Wet Finish

Once in a while I am asked how I wet-finish, especially when possum is involved. Between 2000 and, oh, 2006, I asked weavers how they do it, and over the years I combined and fine-tuned it to based on the space/equipment/physical-height available to me.

Because these weavers were based in New Zealand, the answers concerned mostly wool or wool-mix, which suited me then. And it works for my cashmeres, even though the vendor recommends a gentler finish because cashmere doesn't full like wool. But as I started using silks and may eventually get to all silk, and I also have to replace my washing machine soon, I have been thinking more about wet finishing of all kinds, so I'm recording this here for my sake, although I did this once before, and it hasn't changed much, and in my Japanese blog more recently.

(My washing machine is a top-loader with an opaque lid which doesn't suit my control-freak-ness, so I haven't used it for wools except the spin cycle, but as this machine has been dying a slow death I'm compelled to ponder the top-loader-which-suits-my-stop-go-penchant vs. front-loader-which-saves-water-and-apparently-takes-out-lint-like-there's-no-tomorrow question.

I am always open to any recommendations/variations/suggestions; thank you in advance. Here goes:

1) I fill the sink/bathtub/container with the hottest hot water from the tap, (mine is about 55C) and dissolve wool wash or shampoo; fill with enough hot water to immerse the piece completely. (Some folks use kitchen detergent but my yarns are seldom that greasy as most are commercially spun and dyed.) Turn off the hot water.

2) I drop the piece in hot water and let it absorb the soapy water in its own time - maybe 15-20 min. If sections refuse to sink, I push it gently to coax; if in a hurry, I push the piece down gently and evenly all over.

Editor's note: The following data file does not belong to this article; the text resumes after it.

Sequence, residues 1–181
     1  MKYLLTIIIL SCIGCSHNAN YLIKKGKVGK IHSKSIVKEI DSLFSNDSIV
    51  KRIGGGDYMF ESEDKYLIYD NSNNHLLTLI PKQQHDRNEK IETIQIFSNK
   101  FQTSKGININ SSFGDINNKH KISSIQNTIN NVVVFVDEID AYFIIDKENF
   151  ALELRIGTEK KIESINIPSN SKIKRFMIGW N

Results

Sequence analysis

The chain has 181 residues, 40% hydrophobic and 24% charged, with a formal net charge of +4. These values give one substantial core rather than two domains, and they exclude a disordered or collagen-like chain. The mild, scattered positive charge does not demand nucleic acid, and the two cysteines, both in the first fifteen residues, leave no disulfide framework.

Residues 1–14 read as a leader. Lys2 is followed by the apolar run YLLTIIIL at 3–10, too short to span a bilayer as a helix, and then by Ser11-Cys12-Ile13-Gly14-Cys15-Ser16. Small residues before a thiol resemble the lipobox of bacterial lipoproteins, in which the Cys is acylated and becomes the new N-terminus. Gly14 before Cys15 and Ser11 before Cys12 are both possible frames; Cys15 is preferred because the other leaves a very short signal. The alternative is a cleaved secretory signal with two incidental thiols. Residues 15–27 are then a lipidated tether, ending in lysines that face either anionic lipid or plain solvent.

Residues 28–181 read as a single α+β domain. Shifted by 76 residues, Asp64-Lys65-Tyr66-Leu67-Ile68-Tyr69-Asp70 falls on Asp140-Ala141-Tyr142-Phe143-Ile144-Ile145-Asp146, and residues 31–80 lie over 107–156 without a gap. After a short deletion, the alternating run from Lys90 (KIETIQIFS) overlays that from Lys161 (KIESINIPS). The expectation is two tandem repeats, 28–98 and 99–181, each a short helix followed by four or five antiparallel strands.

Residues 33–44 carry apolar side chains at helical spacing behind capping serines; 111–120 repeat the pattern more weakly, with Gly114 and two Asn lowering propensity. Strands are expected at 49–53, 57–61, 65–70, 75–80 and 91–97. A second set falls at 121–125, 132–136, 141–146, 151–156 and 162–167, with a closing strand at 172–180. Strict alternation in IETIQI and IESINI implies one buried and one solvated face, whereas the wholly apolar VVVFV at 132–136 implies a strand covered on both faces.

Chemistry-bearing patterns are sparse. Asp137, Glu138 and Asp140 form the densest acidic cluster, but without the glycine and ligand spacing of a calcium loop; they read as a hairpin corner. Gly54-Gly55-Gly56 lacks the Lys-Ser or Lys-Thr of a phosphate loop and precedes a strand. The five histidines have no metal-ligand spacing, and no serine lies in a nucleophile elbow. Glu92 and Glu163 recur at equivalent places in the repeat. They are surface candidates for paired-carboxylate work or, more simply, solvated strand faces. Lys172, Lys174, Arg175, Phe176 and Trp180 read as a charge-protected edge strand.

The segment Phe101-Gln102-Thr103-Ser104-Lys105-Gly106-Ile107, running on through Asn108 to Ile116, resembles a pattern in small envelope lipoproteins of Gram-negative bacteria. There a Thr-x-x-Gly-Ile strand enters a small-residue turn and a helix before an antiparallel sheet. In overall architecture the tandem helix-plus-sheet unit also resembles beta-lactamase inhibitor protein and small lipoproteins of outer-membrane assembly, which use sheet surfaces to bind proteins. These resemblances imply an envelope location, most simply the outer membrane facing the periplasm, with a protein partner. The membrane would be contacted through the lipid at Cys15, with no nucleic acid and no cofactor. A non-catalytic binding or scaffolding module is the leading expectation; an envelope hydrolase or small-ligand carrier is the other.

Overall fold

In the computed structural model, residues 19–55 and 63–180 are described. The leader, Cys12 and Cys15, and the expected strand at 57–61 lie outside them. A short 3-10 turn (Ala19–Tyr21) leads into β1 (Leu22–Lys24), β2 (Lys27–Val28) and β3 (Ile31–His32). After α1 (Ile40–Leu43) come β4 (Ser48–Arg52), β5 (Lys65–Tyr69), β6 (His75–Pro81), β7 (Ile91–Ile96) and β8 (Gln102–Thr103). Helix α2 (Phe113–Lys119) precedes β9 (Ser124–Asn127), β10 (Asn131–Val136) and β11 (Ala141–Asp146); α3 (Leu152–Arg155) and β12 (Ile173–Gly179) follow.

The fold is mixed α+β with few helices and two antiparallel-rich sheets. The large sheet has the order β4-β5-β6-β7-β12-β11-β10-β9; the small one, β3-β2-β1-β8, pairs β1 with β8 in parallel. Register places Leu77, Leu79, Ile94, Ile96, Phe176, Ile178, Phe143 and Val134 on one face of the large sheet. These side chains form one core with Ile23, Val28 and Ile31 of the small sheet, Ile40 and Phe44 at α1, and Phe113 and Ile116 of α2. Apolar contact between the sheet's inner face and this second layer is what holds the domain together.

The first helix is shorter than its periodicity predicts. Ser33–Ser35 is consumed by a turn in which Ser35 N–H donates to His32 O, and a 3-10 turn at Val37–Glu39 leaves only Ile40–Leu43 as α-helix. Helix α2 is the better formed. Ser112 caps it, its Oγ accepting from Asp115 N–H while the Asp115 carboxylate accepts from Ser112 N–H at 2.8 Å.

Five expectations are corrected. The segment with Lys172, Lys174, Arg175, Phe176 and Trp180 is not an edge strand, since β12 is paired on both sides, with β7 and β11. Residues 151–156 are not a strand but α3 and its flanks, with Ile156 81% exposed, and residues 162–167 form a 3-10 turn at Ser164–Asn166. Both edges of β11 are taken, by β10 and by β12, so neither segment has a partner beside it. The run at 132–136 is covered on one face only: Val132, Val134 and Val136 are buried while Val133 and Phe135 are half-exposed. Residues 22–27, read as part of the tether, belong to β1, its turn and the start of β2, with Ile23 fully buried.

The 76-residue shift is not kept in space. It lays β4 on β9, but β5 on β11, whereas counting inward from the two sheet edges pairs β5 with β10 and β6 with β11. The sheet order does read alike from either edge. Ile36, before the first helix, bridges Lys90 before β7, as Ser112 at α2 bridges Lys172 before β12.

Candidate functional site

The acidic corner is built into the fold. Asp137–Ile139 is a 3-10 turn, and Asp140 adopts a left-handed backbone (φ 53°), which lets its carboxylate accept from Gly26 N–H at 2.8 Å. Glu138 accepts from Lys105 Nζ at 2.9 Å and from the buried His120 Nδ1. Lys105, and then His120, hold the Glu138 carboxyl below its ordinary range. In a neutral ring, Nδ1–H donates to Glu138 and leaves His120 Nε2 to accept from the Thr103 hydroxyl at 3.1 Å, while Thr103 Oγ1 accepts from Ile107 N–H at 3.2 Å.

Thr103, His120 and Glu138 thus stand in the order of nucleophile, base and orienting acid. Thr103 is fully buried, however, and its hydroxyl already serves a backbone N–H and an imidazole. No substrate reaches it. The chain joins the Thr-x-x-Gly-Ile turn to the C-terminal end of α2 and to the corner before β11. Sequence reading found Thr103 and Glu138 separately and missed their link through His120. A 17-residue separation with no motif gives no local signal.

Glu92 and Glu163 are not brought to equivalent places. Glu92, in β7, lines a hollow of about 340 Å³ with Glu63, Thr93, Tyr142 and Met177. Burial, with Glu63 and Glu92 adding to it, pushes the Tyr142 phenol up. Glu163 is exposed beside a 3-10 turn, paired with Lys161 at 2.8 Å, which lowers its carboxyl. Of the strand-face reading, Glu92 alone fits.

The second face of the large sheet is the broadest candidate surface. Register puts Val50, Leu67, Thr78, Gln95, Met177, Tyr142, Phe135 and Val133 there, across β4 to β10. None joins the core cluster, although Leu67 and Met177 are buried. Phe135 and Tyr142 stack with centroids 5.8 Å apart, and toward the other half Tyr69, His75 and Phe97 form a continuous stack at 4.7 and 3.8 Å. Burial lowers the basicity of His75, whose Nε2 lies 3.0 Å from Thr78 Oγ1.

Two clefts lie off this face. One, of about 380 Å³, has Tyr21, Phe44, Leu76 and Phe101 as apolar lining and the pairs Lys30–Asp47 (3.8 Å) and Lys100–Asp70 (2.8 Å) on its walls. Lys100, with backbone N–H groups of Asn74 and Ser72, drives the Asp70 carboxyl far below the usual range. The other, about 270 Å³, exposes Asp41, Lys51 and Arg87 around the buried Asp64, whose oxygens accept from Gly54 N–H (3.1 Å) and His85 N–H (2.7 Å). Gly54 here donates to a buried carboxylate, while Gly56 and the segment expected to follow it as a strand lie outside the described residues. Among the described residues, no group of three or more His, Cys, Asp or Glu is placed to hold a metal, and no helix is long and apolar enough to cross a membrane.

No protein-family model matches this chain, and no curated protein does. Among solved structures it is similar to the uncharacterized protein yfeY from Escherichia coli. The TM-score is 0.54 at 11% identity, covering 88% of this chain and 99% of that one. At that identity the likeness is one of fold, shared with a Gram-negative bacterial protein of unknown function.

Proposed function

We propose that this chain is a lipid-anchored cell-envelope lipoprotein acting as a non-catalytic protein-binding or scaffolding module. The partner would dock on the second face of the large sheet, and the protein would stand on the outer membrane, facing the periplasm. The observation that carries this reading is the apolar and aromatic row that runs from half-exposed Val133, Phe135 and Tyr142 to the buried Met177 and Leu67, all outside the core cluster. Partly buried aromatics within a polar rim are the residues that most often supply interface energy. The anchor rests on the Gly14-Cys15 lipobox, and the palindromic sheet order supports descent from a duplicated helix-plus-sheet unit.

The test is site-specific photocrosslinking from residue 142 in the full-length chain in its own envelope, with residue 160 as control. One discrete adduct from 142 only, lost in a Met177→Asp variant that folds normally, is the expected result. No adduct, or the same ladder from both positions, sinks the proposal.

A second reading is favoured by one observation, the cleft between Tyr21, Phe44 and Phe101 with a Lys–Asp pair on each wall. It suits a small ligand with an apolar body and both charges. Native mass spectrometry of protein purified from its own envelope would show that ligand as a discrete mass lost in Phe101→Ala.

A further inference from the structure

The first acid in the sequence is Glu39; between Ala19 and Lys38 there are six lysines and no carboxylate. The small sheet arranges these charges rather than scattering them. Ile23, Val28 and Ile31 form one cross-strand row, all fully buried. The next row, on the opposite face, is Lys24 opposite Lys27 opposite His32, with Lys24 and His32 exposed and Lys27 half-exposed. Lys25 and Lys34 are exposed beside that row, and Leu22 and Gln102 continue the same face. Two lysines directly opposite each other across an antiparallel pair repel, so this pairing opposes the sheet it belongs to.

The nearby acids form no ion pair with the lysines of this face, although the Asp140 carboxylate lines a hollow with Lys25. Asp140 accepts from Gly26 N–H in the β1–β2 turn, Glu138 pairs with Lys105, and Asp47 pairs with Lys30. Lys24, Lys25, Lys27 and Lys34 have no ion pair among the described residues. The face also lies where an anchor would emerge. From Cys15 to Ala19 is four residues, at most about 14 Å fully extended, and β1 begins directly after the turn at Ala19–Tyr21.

3) I press the cloth gently all over so the piece completely soaks up the soapy water, then agitate a little bit to help threads come together.

From here, all depends on the weave/purpose/desired finish.

4) I may agitate some more, or not, then gently squeeze the piece to get rid of soapy hot water, put it aside, discard the water and fill the container with the coldest tap water, then turn off the tap.

5) I immerse the piece in the cold water, and gently agitate evenly, but I may continue for some time. I'm mindful about keeping things parallel/perpendicular. Then gently squeeze the piece to get rid of water, put it aside, discard the cold water and fill the container with the hottest tap water, then turn the hot water off.

6) I immerse the piece, and agitate. This is where dye, possum or mohair start come out, but also merino/wool visibly starts to full, so I observe the cloth vigilantly. Also the piece may not remain folded but spread out, squeezed, bunched together, whatever it takes to full evenly, not have creases, and, fingers crossed, still stay rectangular. Depending on the weave/purpose/desired finish, I work vigorously. Also, as long as the water doesn't fall directly on the piece, I may keep the hot water running so water/piece stay hot. I squeeze the piece to get rid of water, put it aside, discard the water and fill the container with the coldest tap water, then turn the water off.

7) I immerse the piece in the cold water and agitate. Again, I may have the cold water running as long as it doesn't fall onto the piece directly. Sometimes I stay in stages 6) and 7) longer, sometimes I repeated them. When satisfied, I squeeze the piece to get rid of the water.

8) Depending on the piece, I may fold it, or roll it in an bath towel, or fold/roll and wrap it in a towel, then put it through a full spin cycle. Depending on the piece, I sometimes start with a gentler spin, but more often I just let it have it.

9) I unwrap the package, steam press, sometimes with a cotton press cloth, on both sides, then lay it flat on wool carpet. (Cut pile works best; unfortunately my living room is now tiny loop pile so I sometimes dry it in the downstairs workshop on the old living room carpet.) If I'm not happy with how I've pressed, I'll even press it while on the carpet. Then I leave it overnight, or however long it takes, to dry.

10) When I peel it off the the floor it should be pretty straight and wrinkle free. But if it contains possum, it will continue to shed.
The key is, I can't un-full, so I'd rather go slowly and repeat processes, and for me watching and feeling the cloth works best. To that end, I have wet-finished for a second time some pieces after they have dried completely.